Inventing Elsa Maxwell: How an Irrepressible Nobody Conquered High Society, Hollywood, the Press, and the World
- Sam Staggs
- St. Martin's Press
- 321 pp.
- Reviewed by David Bruce Smith
- October 19, 2012
A woman of no importance makes herself important to the movie world and millions all over the globe.
Reviewed by David Bruce Smith
In a near half-century swath of time — World War I to John F. Kennedy’s “Camelot” — Elsa Maxwell defined the social milieu in Europe and America. From San Francisco to New York, London and Paris to Rome, Monte Carlo and Athens, she imprinted, influenced and entertained everyone in the rich-to-royal cache.
Sam Staggs’ Inventing Elsa Maxwell: How an Irrepressible Nobody Conquered High Society, Hollywood, the Press, and the World reappraises a woman of contradictions whose life has not been probed since her death in 1963.
Raised in San Francisco in the late-19th century by a prosperous insurance businessman-father and an emotionally reticent mother, Maxwell abandoned school at 14 to be a piano accompanist in the theater even though she had no formal training. Ever resourceful, she departed San Francisco in 1905 at the age of 24, joined a Shakespeare troupe, appeared in Vaudeville and — through a performer-friend — serendipitously ended in South Africa and back to Europe.
Opportunistic, overweight and unattractive, Elsa managed to meet Important People wherever she traveled. She lured schools of socialites with her musical talent and compositions — 80 of which were published in her lifetime. Enthusiastic, loyal and a nimble connoisseur of embellishment, Maxwell nevertheless downgraded her childhood status from a comfortable mid-level upbringing to one of poverty — a semi-conscious deflation — perhaps in order to appear fascinating as her triumphs unfolded within the world of the wealthy. Staggs comments, “Given so much irrefutable proof that Elsa was anything but poor, we may well ask why, throughout her life, she labored at pretending to be. It’s likely … Elsa herself had no full explanation.” Ironically, she widened her ever amorphous pedigree to squeeze the University of California and the Sorbonne into her stream-of-consciousness past, even though she never attended either.
As she intersected with more prominent people, Maxwell shaped a retinue by volunteering for inclusion on the “right” committees; she got noticed for her event-planning and organizational skills, and soon was the subject of mentions in all the major columns. Eventually, she was bounced from one soiree to another as The Hostess in Charge; in return, benefits trickled up — configured as costly gifts, cash and high-octane recognition.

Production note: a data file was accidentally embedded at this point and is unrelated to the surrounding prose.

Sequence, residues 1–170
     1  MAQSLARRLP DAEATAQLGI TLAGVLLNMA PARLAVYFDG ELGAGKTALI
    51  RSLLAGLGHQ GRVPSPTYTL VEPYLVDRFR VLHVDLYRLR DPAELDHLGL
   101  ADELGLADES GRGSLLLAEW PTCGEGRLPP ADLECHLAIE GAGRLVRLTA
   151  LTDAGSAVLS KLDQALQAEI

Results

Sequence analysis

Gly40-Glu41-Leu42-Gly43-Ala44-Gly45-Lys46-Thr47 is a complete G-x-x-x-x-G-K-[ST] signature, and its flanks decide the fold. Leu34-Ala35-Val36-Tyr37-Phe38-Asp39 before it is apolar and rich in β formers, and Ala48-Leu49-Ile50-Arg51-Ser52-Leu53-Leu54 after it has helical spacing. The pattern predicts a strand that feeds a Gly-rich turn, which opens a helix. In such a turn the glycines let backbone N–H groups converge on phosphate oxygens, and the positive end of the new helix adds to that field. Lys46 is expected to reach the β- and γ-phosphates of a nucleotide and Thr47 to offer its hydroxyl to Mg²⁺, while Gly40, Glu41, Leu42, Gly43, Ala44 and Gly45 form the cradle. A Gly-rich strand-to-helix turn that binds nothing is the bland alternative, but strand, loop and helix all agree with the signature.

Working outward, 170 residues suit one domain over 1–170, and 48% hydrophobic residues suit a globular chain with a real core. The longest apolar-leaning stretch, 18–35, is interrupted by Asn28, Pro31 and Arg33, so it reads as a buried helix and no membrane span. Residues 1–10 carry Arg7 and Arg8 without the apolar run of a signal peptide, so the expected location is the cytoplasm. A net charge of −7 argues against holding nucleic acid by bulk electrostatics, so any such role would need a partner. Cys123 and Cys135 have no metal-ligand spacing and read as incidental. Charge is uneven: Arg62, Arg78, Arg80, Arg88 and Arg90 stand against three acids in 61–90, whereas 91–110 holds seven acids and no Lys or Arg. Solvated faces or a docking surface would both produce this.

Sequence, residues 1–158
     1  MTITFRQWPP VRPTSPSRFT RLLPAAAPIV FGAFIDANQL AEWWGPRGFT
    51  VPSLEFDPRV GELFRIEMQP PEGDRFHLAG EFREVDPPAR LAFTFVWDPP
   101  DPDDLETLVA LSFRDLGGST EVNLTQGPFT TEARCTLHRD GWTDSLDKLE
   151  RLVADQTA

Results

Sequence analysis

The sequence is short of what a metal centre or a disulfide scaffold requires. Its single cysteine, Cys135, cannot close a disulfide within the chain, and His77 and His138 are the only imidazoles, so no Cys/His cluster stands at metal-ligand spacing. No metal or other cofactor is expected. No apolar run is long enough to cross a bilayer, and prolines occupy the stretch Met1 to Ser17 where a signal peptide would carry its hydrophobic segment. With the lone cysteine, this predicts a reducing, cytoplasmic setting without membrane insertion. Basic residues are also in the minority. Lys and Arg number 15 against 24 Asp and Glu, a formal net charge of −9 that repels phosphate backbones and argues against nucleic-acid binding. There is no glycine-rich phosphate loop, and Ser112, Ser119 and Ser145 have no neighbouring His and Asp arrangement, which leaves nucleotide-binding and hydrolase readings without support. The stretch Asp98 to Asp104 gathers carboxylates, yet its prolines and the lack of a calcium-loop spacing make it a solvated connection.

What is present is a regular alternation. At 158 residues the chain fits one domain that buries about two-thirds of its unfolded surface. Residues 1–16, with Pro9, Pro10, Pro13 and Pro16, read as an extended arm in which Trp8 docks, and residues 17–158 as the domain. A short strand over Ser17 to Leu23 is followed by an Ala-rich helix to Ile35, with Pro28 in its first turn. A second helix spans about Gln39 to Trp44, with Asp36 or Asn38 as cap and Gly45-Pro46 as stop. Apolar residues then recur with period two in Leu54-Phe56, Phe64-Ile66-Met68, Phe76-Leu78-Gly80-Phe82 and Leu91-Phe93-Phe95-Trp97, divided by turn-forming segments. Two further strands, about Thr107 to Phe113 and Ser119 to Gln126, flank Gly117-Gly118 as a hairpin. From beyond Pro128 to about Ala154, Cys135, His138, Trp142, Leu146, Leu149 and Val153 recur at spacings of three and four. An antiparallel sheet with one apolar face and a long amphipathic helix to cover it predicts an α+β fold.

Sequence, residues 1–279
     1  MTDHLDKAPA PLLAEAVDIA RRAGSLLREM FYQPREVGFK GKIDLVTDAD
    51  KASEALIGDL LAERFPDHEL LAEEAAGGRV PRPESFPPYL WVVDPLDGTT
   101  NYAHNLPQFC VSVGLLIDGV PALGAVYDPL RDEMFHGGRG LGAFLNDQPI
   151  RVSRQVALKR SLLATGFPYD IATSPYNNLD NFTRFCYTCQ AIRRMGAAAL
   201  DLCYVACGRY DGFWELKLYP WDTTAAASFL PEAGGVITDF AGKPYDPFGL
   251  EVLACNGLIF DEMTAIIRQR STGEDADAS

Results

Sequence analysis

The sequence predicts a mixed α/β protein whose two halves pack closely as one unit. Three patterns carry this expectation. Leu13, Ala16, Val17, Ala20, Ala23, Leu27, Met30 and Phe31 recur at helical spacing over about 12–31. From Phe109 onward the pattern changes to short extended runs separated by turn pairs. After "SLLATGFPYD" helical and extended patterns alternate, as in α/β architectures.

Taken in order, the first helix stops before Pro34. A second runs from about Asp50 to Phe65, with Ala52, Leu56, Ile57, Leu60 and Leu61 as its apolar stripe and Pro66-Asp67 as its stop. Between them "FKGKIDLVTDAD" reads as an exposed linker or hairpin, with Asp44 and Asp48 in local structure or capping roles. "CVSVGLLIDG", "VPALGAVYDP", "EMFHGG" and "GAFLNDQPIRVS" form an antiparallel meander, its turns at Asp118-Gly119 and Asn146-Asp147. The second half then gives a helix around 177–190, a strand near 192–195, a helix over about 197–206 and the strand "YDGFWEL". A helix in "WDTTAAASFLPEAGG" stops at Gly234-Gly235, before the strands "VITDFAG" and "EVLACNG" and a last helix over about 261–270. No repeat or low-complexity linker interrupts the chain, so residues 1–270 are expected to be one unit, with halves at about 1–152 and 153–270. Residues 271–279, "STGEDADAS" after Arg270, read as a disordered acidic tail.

By 1919, Maxwell was established as one of Society’s premier toastmistresses; but, after she contrived a dinner consisting of a menu-without-mimic at the Ritz in Paris for the prickly British diplomat, Arthur Balfour, Society levitated her to “The Hostess with the Mostest.” Cole Porter, Noel Coward, Maude Adams, Ethel Barrymore, Gloria Swanson, Mary Pickford, Millicent Hearst, Barbara Hutton, Douglas Fairbanks Sr. and Alva Vanderbilt were her friends; later she would cultivate the confidences of Wallis Simpson, Maria Callas, Aristotle Onassis, Stavros Niarchos and Aly Khan.
Maxwell’s social splurges bred renown with their conscientiously conceived guest lists and her pretentious ploys to engage sustained interest. She devised the Come-As-You-Are party, fabricated the “scavenger hunt” and fashioned costume balls at which some patrons showed in opposite-gender attire.
In the 1920s Maxwell rejuvenated Venice’s passé Lido beach with the inauguration of the International Motor Boat Races. Monaco’s Grimaldi majesties contracted her to pep up their principality. Staggs writes, “In the years following World War I, Elsa’s repute as a mastermind of fantastically successful events, and huge publicity, radiated from her friends and patrons in Paris and New York to governments, industries, and charities, all curious to learn her trade secrets.” He adds, “Given her druthers, Elsa preferred a crown to a CEO.”
In the 1930s the peripatetic Elsa was in New York and then settled in Hollywood. There, Darryl Zanuck, head of 20th Century-Fox, employed her — at the age of 55 — to appear in the movie “Elsa Maxwell’s Hotel for Women,” a box office success that co-starred Linda Darnell and Ann Sothern. Her succeeding films — “Public Deb No. 1” and three shorts — did not garner as much praise or popularity.
While in California, Elsa augmented her kinetic career with interests that lasted to her death. The round-up of this impressive book is commensurate to Maxwell’s prominent “presence”: she wrote a Hearst-backed syndicated column, authored magazine articles, lectured, hosted a radio show, appeared regularly on Jack Paar’s “Tonight” television program, produced four books and never stopped arranging an abundance of lavish feasts, fetes and festivals for the famous and the sort-of.
David Bruce Smith reviews books for several publications. He is also the president of David Bruce Smith Publications, a firm that specializes in the writing and designing of limited-edition books.